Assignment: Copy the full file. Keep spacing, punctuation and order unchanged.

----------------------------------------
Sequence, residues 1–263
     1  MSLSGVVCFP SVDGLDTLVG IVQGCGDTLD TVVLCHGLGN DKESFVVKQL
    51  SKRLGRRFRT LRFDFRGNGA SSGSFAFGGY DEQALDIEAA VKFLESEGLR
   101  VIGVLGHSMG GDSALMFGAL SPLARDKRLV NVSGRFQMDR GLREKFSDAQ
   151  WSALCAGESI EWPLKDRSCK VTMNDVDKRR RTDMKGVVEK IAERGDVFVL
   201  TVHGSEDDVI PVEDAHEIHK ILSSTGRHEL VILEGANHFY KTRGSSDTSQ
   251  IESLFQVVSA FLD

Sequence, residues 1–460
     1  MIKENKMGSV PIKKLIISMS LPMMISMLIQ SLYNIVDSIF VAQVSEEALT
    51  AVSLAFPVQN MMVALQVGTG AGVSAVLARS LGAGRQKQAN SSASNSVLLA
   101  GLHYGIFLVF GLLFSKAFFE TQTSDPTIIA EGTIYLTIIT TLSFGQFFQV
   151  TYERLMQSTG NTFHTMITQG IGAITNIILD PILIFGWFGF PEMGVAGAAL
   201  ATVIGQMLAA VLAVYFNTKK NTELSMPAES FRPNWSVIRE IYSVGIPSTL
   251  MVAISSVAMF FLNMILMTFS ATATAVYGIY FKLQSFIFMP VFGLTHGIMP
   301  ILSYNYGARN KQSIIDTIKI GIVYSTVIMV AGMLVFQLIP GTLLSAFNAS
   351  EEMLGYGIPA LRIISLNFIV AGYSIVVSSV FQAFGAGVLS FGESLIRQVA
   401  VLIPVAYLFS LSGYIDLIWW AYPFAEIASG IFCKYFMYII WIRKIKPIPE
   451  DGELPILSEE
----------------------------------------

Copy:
Sequence, residues 1–263
     1  MSLSGVVCFP SVDGLDTLVG IVQGCGDTLD TVVLCHGLGN DKESFVVKQL
    51  SKRLGRRFRT LRFDFRGNGA SSGSFAFGGY DEQALDIEAA VKFLESEGLR
   101  VIGVLGHSMG GDSALMFGAL SPLARDKRLV NVSGRFQMDR GLREKFSDAQ
   151  WSALCAGESI EWPLKDRSCK VTMNDVDKRR RTDMKGVVEK IAERGDVFVL
   201  TVHGSEDDVI PVEDAHEIHK ILSSTGRHEL VILEGANHFY KTRGSSDTSQ
   251  IESLFQVVSA FLD

Sequence, residues 1–460
     1  MIKENKMGSV PIKKLIISMS LPMMISMLIQ SLYNIVDSIF VAQVSEEALT
    51  AVSLAFPVQN MMVALQVGTG AGVSAVLARS LGAGRQKQAN SSASNSVLLA
   101  GLHYGIFLVF GLLFSKAFFE TQTSDPTIIA EGTIYLTIIT TLSFGQFFQV
   151  TYERLMQSTG NTFHTMITQG IGAITNIILD PILIFGWFGF PEMGVAGAAL
   201  ATVIGQMLAA VLAVYFNTKK NTELSMPAES FRPNWSVIRE IYSVGIPSTL
   251  MVAISSVAMF FLNMILMTFS ATATAVYGIY FKLQSFIFMP VFGLTHGIMP
   301  ILSYNYGARN KQSIIDTIKI GIVYSTVIMV AGMLVFQLIP GTLLSAFNAS
   351  EEMLGYGIPA LRIISLNFIV AGYSIVVSSV FQAFGAGVLS FGESLIRQVA
   401  VLIPVAYLFS LSGYIDLIWW AYPFAEIASG IFCKYFMYII WIRKIKPIPE
   451  DGELPILSEE